It’s remarkable the ways in which your books create community with other writers, the writers with whom your work is nestling, and to see that come through in the practice of naming. Can you tell us more about the characters themselves? Do you base your characters on certain aspects of yourself or people who you know in your own life who shape who you are? Is there any character with whom you feel a particularly deep closeness or affinity?
I think for all writers, we’re always pulling from our own experiences, our own worlds, whenever we write. I don’t think I’m any different. I think all of the characters are important to me and are crafted very carefully, so they’re all very real people to me, even the minor characters. In Bitter, you only see glimpses of Malachite, who’s dating Bitter’s friend Eddie. She’s actually really important because Malachite is one of Redemption’s parents in Pet—but you only see her in these side glances in Bitter. But I see all the characters, even ones that are secondary or minor characters, as significant to me from book to book.
In its most primal form, Bitter is a book about a revolution. In a pandemic-laden era, where people are grappling more deeply with social justice issues such as racism, gender equality, and socioeconomic injustice, what role do you hope your book will play in shaping young minds?
I’m not sure it will. For Black people, it’s not a new thing to be grappling with any of this; it’s not recent; it’s not been sparked by the pandemic. It’s just a facet of our lives. I think of Bitter not as an authority, not to shape young peoples’ minds, but as a contribution to a conversation to engage with their thinking.
What do you hope readers might feel or take away from this conversation?
I don’t. I don’t have expectations for readers. I’m not a writer who’s like, “Well I’m writing this and I hope people are going to react in this way.” I wrote this for myself and I got what I needed to get out of it. When I release my books to a public of readers, I have no desired outcome. When people engage with my work, they are in conversation with the work, not the creator. I want people to find out what they think, what they believe.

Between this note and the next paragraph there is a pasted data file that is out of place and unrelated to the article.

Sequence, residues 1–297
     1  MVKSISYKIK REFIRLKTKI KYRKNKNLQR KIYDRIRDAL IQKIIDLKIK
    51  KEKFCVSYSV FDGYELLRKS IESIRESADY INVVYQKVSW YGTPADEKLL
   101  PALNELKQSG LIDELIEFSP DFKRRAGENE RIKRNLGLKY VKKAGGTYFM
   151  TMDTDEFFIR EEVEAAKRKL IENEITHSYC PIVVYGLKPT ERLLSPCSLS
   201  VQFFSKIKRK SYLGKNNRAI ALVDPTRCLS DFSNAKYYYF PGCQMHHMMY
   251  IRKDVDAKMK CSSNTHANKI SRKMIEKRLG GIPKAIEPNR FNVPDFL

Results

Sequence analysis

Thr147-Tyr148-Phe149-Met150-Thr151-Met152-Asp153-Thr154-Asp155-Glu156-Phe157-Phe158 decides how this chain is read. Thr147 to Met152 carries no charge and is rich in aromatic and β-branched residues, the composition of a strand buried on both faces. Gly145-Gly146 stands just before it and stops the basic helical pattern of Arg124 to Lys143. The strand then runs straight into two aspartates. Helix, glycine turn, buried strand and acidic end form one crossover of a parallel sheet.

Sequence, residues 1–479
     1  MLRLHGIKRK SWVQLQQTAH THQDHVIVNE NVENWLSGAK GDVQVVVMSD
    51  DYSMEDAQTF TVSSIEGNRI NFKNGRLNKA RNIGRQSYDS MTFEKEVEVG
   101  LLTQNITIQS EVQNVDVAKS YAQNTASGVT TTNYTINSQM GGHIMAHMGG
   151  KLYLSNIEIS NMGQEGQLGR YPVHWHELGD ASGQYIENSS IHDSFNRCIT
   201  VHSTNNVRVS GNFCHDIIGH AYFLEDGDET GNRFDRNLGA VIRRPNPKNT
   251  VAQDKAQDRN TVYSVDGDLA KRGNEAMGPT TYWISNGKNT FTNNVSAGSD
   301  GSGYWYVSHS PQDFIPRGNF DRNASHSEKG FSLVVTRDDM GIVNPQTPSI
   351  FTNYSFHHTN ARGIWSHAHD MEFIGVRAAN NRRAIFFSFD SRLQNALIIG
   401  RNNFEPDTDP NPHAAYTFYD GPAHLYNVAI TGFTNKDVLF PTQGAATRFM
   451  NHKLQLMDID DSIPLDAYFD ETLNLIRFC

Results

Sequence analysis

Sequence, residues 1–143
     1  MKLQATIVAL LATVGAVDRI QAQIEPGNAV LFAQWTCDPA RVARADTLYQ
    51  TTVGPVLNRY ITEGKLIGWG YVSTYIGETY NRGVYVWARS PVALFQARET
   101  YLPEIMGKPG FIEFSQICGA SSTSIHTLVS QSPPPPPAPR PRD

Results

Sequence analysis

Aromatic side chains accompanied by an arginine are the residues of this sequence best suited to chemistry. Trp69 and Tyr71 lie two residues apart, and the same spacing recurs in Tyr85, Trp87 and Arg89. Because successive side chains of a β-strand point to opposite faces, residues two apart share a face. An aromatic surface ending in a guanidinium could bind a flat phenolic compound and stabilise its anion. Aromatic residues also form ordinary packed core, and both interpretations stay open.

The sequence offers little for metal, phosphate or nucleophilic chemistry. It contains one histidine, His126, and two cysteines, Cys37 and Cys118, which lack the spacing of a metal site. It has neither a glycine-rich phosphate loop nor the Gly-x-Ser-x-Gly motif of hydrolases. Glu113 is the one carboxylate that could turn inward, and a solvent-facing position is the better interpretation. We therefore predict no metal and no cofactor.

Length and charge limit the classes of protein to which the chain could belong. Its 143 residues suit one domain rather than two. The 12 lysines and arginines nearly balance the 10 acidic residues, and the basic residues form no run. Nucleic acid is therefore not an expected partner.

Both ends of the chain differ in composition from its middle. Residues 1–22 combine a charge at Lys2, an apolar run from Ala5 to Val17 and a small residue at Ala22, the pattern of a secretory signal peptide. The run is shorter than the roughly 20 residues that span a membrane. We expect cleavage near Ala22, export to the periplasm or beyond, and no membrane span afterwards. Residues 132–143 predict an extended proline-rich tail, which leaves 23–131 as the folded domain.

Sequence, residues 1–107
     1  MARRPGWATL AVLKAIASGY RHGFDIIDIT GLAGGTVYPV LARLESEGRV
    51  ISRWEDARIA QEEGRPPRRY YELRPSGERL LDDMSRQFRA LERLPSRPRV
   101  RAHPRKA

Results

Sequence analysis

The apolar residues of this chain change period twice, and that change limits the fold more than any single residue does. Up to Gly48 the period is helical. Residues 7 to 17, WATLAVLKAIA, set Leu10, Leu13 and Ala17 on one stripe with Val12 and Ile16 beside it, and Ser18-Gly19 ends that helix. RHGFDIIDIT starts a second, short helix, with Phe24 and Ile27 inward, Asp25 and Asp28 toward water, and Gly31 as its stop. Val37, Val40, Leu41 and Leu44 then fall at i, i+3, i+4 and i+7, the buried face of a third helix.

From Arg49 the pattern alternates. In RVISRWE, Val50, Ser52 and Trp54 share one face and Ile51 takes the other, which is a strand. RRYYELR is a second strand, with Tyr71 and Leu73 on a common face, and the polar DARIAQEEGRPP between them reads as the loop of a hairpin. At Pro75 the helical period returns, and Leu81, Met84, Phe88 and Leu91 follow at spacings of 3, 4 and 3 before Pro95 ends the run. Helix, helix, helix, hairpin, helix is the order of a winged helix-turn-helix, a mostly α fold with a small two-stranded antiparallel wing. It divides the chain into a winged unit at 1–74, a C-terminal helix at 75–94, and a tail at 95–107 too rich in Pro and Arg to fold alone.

I once took a seminar on the works of Toni Morrison, and a student in the seminar asked, “What does Morrison want us to think?” The professor laughed and said, “No, Morrison just told the story—what do you think about this?” Instead of looking to the author to be told what to think, what would it look like for the work to be a place where you figure out what you think? That’s how I approach my work. I write about things I care about. Some of that is obvious (I think Bitter is very clear: there’s no such thing as a good billionaire) but a lot of the other aspects of it are open questions: What is an adequate contribution to a revolution? What does justice look like? Those are questions I don’t have the answers to, so I’m not hoping that someone is going to agree with my answers. What do you think? The work is a question.
You mentioned that you wrote this for yourself and you got from it what you needed to get from it. Can you say a little bit more about that?
I honestly did not want to write Bitter. It was a very painful book to write, both emotionally and physically. I was writing it in the summer of 2020, and it was hard writing a book about young Black people trying to survive protests when it was also happening in real life. Also, in the past couple of years, I became disabled and my health deteriorated to a point where I could no longer type. I still had to work on the book, though, so I had a friend who would type for me over Zoom. I felt like I had a contract and a duty to the characters: I had started the story; I had to see it through, and I had to do it at the same standard as all my work. I was very relieved when it was done and I was even more relieved when I read it back and realized it was good, because it was such hell to write. I think what I got from it was space in my own craft to say, “I have learned through several books, but especially this one, that I can write at a certain level even under horrific conditions.” Once I learned that, I decided to never do it again.